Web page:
Behind the Signs: Christy Filipich and ‘The Epic’26 Jun 2015, by Behind the Signs in
Auslan Stage Left goes behind the signs with some of our interpreters to find out more about a specific show they have worked on. What was their process? What were some challenges? Today Christy Filipich talks about her experience working at The Blue Room Theatre in Perth on the show The Epic.
I’ve been interpreting for fifteen years now, and involved with Auslan Stage Left for the last couple of years. In that short time I’ve had a wide range of theatrical experiences with them – starting with Play School, then some Shakespeare, and some local independent theatre productions. The most recent experience was The Epic at the Blue Room Theatre.
The Epic is the brainchild of two storytellers, Scott Sandwich and Finn O’Branagáin, and the format of the production was that of two people sharing stories they love, stories from around the globe, from many different cultures, with the audience. Some of these stories I was already familiar with, such as the story of Odysseus. But there were others, like The Kalevala that I’d never heard before. The performers were great to work with, welcoming me to rehearsals and answering every and all questions about the various stories and how they were going to be told/enacted.
The Kalevala: the biggest challenge, the biggest highlight. It’s a true epic at 1000 pages of rhyming couplets of eight syllables in the original Finnish and translations into English can be unreliable. It’s hard to describe, but luckily here’s a clip of the performer Scott Sandwich telling the story in Finland a few years ago.
The story is even more dynamic when told on stage, in front of an audience, with their reactions highlighting the humour, pace and strangeness of this foreign story. To aid the translation into Auslan, I did some additional research on the story, and drew numerous diagrams and storyboards in an attempt to make sense of the story – who people were, what they were doing, and who they were doing it to – in order to produce a product that was faithful to Scott’s rendition. Judging by the reactions from the audience – I think we both pulled it off on the night!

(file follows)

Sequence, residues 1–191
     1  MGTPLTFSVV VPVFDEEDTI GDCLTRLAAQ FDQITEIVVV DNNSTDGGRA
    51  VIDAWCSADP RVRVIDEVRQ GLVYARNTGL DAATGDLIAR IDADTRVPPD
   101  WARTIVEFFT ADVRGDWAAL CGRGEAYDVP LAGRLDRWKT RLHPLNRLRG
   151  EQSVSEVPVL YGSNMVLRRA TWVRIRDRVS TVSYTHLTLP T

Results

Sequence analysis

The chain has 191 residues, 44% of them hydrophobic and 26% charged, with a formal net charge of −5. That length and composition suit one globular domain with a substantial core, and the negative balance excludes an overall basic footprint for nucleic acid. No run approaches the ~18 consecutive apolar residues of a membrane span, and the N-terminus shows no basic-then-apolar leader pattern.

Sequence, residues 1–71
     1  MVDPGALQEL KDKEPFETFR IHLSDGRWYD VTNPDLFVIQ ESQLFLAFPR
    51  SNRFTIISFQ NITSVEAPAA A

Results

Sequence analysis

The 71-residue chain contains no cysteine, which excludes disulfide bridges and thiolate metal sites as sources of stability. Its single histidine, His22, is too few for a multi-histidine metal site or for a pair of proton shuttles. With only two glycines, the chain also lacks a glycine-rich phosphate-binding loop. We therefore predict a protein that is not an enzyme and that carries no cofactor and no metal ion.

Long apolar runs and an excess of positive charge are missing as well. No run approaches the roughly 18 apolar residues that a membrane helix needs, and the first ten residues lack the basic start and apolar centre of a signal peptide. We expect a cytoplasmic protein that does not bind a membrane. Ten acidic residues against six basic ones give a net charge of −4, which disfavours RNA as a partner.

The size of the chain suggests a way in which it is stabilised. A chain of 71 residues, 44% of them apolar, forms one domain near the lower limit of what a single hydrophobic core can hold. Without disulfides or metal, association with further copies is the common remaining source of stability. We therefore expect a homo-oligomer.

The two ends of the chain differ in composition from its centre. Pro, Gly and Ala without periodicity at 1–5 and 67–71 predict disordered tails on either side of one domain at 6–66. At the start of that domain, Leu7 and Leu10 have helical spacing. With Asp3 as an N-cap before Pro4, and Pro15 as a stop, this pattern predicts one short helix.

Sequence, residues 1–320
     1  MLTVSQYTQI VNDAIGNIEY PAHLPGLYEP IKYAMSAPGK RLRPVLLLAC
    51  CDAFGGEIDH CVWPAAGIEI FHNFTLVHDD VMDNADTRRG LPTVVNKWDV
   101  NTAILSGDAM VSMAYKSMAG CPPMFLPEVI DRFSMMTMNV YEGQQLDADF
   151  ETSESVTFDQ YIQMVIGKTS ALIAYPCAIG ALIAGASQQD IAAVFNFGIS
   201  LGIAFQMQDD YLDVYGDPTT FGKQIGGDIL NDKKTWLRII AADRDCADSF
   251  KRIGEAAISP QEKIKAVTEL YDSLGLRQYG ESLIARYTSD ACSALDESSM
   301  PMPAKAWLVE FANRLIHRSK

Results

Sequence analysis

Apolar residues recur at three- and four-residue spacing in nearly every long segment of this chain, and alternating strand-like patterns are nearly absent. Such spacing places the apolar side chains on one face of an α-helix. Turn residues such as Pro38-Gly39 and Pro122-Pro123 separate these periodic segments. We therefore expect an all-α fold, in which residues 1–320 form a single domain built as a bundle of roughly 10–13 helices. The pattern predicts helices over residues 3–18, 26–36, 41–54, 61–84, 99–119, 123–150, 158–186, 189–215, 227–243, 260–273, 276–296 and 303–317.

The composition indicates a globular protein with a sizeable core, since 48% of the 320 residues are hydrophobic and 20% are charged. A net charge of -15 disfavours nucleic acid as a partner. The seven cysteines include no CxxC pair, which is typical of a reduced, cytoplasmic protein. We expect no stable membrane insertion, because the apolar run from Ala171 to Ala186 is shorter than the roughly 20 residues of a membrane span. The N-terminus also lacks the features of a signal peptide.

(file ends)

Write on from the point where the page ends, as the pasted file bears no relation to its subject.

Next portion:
Many thanks to Scott and Finn for welcoming me onto the stage and into their performance, everyone at the Blue Room Theatre for being so accommodating, Auslan Stage Left for the chance to work with such challenging material, and the Deaf Community for coming out and enjoying a night of Epic Storytelling.
Christy Filipich has been interpreting since 2001 and attained NAATI Professional Interpreter Accreditation in 2007. She currently splits her time between educational and community settings. Christy has interpreted large performances such as ‘Mary Poppins’ and ‘Annie’, children’s theatre productions such as ‘Skylab’ and ‘Gogo Fish’ by Barking Gecko Theatre Company, puppet shows by Spare Parts Puppet Theatre such as ‘Hachiko’, Indigenous theatre productions by Yirra Yaakin ‘Waltzing the Wilarra’ and ‘Karla Kaatajin’, and even small amateur community theatre productions such as Wembley Community Theatre’s pantomime ‘Sleeping Beauty’. She has also interpreted for a number of alternative performances at The Blue Room Theatre and has made a regular appearance interpreting when The Wiggles come to Perth. As an educational interpreter she has interpreted numerous amateur (and sometimes surprisingly professional) school productions. Sign singing also makes up a large part of Christy’s performance interpreting experience as a member and coordinator of the Club West Drag Show interpreting team for the past 8 years. The WA Government Schools Music Society annual festival and City of Perth’s annual Christmas Nativity are regular parts of Christy’s music interpreting calendar. Without a doubt Christy’s favourite theatre interpreting performance each year is Shakespeare WA’s Shakespeare in the Park production each Summer. She credits the theatre company with renewing her interest in Shakespearean themes and language and relishes the challenge of translating the script in order to make Shakespeare accessible to the Deaf Community.